Local truces take hold in Damascus countryside

Several areas in the Damascus countryside have opted for local truce arrangements with the regime.

al-monitor A damaged car lies among debris at one of the battlefronts in Jobar, a suburb of Damascus, Feb. 22, 2014. Photo by REUTERS/Stringer.

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syria civil war, syria, islamic movement, damascus, civil war, bashar al-assad

Feb 24, 2014

In recent months, local arrangements in the Damascus countryside have cooled many hot spots and allowed for a return to normalcy that had been missing for months. The main reason behind these local arrangements is that both sides have realized that continuous clashes are causing fatal bleeding; while the state is able to constantly recover its combat capabilities, it wants to keep this power in reserve for more important battle areas. ... 

Efforts have focused on negotiations with Syrian — and not foreign — armed men, specifically the inhabitants of areas where the arrangements are taking place. Before, some involved in battle felt completely powerless and despaired of the possibility of changing the balance of power.

In recent days, many have had reservations about the arrangements, especially the government, which always prefers to make local arrangements to cool the conflict zones. An observer monitoring the local arrangements told As-Safir that “neither of the two parties can be certain about the future” in light of talk about the “next battle,” a “possible escalation” and the media claiming that the goal is Damascus, through its countryside and the Houran gate.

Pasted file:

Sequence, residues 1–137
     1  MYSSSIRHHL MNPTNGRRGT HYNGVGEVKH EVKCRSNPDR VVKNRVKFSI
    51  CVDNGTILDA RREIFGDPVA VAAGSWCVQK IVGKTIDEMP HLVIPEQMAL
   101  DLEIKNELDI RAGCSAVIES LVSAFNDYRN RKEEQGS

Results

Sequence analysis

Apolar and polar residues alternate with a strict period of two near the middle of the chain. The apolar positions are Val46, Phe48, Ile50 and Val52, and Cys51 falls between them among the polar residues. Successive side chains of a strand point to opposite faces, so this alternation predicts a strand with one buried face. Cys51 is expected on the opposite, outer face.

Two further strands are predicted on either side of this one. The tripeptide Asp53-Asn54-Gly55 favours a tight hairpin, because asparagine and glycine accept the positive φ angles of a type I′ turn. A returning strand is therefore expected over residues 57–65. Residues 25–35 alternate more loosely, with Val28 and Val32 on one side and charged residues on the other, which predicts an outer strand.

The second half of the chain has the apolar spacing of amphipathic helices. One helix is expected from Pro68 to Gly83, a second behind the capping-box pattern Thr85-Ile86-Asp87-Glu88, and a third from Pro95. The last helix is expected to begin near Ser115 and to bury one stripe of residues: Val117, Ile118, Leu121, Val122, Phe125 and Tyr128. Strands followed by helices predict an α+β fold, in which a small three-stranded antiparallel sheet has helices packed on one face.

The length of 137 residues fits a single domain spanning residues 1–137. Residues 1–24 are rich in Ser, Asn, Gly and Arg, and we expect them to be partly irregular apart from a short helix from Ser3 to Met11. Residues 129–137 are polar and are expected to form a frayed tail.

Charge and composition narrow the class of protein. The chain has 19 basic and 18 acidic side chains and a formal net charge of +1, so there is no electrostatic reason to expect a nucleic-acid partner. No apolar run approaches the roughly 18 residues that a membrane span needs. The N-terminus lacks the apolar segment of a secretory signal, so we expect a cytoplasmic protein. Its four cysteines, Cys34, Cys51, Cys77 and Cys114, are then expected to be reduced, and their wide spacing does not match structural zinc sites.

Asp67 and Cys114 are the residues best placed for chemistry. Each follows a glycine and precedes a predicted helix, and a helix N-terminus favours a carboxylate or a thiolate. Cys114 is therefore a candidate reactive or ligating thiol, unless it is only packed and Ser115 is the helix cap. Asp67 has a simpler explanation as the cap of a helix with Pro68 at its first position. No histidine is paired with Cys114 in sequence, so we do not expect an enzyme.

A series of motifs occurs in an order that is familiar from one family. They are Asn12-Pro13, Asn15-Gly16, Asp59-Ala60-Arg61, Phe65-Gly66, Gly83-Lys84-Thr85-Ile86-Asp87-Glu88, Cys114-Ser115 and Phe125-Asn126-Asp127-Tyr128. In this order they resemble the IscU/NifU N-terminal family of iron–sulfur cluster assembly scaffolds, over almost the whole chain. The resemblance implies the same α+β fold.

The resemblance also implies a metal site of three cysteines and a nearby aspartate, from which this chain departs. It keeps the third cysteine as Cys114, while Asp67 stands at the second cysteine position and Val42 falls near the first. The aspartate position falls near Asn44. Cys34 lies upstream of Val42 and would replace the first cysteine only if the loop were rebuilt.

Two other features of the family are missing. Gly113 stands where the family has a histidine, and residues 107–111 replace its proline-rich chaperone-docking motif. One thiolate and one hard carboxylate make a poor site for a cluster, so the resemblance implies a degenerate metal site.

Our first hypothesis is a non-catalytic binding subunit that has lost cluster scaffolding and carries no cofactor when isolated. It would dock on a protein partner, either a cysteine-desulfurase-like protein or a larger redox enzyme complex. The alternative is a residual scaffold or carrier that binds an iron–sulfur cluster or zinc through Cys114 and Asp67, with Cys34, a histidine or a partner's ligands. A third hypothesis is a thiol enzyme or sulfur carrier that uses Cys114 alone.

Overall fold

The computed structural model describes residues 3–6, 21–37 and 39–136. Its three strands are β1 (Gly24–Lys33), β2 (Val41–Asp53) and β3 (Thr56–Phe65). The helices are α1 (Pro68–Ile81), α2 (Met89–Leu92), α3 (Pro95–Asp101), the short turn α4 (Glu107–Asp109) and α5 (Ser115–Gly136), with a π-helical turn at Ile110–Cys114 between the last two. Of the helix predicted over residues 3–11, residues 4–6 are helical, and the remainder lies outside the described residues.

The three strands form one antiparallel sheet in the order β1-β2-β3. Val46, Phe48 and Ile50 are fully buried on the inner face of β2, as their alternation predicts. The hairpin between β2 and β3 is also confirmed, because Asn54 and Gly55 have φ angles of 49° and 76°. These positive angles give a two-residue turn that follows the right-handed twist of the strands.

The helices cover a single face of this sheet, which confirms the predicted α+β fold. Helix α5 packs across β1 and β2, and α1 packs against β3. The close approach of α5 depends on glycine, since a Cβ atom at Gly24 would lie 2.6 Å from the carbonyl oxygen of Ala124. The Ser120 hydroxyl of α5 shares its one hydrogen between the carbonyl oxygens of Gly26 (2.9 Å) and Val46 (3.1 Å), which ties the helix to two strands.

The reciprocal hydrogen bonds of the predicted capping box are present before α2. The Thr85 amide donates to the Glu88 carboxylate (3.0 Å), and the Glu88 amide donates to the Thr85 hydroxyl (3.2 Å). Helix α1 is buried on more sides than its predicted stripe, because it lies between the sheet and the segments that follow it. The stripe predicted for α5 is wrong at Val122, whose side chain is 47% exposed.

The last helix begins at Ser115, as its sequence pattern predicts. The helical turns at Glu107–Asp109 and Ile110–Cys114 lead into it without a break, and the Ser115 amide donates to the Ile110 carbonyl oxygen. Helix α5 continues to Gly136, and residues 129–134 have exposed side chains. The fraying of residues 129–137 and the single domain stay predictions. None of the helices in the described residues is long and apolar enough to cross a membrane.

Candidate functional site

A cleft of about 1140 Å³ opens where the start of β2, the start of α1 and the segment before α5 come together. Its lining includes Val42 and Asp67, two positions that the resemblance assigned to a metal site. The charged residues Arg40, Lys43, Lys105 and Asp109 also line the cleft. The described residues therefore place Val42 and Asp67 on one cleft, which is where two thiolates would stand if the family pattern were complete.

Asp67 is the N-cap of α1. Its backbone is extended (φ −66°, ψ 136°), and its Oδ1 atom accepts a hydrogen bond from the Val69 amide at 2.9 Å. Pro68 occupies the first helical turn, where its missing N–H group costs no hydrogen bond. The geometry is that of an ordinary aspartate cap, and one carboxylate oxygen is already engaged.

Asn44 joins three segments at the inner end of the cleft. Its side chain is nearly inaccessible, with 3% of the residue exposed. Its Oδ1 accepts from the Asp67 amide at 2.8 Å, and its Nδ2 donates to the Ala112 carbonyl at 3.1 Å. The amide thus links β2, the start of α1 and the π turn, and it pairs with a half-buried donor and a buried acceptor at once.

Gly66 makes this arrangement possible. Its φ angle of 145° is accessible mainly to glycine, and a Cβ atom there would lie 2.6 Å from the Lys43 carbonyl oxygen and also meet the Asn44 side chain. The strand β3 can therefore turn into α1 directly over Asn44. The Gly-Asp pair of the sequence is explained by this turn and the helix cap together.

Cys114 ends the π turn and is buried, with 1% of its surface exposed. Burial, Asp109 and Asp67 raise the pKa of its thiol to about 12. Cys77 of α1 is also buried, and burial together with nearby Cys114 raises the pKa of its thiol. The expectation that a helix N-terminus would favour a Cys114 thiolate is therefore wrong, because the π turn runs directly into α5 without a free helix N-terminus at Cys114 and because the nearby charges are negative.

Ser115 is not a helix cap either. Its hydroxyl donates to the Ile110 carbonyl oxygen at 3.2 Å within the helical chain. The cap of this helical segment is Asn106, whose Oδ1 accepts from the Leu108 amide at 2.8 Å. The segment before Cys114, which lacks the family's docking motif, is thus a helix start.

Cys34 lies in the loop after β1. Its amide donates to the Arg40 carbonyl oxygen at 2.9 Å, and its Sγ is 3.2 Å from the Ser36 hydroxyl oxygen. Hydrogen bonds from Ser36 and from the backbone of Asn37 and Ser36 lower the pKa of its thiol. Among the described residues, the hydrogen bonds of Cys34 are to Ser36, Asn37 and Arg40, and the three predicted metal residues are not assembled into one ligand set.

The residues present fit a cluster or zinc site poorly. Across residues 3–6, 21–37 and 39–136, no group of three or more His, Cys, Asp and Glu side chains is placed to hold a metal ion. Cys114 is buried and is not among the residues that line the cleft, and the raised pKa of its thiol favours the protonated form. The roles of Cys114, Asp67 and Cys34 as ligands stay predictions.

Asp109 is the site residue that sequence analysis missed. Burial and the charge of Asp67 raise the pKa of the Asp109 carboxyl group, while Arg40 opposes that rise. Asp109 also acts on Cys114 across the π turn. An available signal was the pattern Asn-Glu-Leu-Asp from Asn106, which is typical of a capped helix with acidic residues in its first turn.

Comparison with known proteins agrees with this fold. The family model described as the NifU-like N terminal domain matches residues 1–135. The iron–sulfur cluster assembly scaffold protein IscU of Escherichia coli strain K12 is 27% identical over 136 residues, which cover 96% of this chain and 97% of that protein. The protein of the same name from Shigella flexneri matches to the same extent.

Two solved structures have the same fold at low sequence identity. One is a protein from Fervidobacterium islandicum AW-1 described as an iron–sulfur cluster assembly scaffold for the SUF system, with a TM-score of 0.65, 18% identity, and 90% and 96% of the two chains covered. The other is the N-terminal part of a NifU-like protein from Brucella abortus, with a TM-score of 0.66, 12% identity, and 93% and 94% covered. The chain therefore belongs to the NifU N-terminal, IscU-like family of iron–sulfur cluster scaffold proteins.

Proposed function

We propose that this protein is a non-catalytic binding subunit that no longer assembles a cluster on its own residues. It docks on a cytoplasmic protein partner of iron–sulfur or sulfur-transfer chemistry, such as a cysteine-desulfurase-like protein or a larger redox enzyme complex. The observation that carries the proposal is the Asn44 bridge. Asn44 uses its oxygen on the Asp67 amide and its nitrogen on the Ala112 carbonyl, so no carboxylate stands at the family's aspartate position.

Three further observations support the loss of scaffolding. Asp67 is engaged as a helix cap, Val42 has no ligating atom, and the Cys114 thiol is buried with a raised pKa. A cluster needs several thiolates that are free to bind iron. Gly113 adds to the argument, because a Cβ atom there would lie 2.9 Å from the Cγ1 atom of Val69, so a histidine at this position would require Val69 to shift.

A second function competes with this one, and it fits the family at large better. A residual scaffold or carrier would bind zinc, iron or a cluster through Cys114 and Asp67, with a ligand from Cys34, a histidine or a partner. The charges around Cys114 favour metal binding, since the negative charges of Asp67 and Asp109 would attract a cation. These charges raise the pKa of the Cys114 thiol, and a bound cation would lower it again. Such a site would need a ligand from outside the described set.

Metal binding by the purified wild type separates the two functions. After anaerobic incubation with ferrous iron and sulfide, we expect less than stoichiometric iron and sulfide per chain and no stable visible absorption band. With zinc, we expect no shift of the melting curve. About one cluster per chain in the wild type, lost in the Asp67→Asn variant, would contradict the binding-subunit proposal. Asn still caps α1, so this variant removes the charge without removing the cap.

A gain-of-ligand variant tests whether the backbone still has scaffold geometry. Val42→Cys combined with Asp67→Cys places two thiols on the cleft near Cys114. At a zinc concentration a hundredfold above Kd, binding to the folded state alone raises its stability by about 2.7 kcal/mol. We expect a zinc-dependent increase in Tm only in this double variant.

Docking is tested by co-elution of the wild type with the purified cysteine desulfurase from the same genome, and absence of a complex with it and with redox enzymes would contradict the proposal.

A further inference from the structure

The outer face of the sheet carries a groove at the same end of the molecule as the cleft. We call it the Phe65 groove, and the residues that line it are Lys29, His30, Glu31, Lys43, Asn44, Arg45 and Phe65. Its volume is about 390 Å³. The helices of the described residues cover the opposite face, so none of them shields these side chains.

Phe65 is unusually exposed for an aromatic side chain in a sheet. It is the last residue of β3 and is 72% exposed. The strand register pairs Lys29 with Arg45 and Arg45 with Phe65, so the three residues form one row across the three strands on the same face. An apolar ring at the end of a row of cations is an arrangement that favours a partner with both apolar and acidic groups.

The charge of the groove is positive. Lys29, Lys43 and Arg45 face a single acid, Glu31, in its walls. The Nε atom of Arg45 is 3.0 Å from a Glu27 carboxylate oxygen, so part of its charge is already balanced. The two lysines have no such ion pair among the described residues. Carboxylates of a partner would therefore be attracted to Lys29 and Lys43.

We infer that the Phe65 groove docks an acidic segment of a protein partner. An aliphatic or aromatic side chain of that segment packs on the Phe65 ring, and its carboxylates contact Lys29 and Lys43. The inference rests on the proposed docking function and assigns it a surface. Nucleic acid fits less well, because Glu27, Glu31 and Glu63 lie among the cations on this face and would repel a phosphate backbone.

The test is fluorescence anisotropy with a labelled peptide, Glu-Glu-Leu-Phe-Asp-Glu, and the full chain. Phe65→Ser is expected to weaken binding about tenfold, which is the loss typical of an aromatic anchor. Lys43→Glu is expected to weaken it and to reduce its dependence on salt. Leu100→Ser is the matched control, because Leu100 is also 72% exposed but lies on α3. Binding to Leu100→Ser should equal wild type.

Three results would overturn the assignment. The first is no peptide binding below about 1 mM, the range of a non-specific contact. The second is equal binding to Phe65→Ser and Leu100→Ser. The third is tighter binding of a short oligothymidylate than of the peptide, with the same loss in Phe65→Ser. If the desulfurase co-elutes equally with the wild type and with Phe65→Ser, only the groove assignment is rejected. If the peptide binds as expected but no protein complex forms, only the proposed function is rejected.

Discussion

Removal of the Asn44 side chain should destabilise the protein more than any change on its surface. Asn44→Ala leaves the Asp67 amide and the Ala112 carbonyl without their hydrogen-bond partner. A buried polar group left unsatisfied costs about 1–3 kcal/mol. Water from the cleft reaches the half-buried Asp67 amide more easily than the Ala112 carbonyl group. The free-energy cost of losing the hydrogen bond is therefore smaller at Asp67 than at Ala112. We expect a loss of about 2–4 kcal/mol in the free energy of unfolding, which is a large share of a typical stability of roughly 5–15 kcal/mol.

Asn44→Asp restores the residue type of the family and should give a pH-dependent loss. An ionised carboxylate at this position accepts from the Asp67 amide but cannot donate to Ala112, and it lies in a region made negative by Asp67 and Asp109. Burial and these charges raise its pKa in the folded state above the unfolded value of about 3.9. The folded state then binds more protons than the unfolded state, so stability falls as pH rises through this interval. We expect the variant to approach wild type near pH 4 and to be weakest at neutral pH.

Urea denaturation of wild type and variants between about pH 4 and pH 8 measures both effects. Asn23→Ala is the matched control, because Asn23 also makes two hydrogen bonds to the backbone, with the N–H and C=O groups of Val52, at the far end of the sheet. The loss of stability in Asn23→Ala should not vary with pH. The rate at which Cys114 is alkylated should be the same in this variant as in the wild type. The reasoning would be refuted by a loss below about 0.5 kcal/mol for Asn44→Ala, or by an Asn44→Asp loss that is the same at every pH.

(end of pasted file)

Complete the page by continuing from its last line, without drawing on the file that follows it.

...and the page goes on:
It seems that time is part of the daily battle to solidify fragile arrangements that are based on painful calculations for both sides. According to the source, an armed man told officers working on arrangements in Moadamiya that the last two years “have been exhausting. The armed men have totally failed on that front.” But that opinion is not the norm; the government, however, refuses to consider it an exception because many have supported the arrangement, with some opposition.

An official responsible for a local arrangement told As-Safir yesterday [Feb. 23] that the big bet is on two key matters related to how to address the possibility of the next escalation, which is a “real possibility,” he said. The first is “the army’s ability in the field,” and the second is “the general popular mood, represented by the civilians returning to their homes and quickly being contained by having the economy revived and the infrastructure fixed.” Those two elements are considered key in “fortifying the local environment against the possibility of new penetrations.”

The official acknowledged that some local arrangements need time and that “when the people feel that normality has returned, it will shift their mood toward supporting the state instead of fighting it.” He hopes that in the future, yesterday’s enemy will turn into an ally in the fight against foreign armed men, as happened in one of the regions of Homs and its countryside.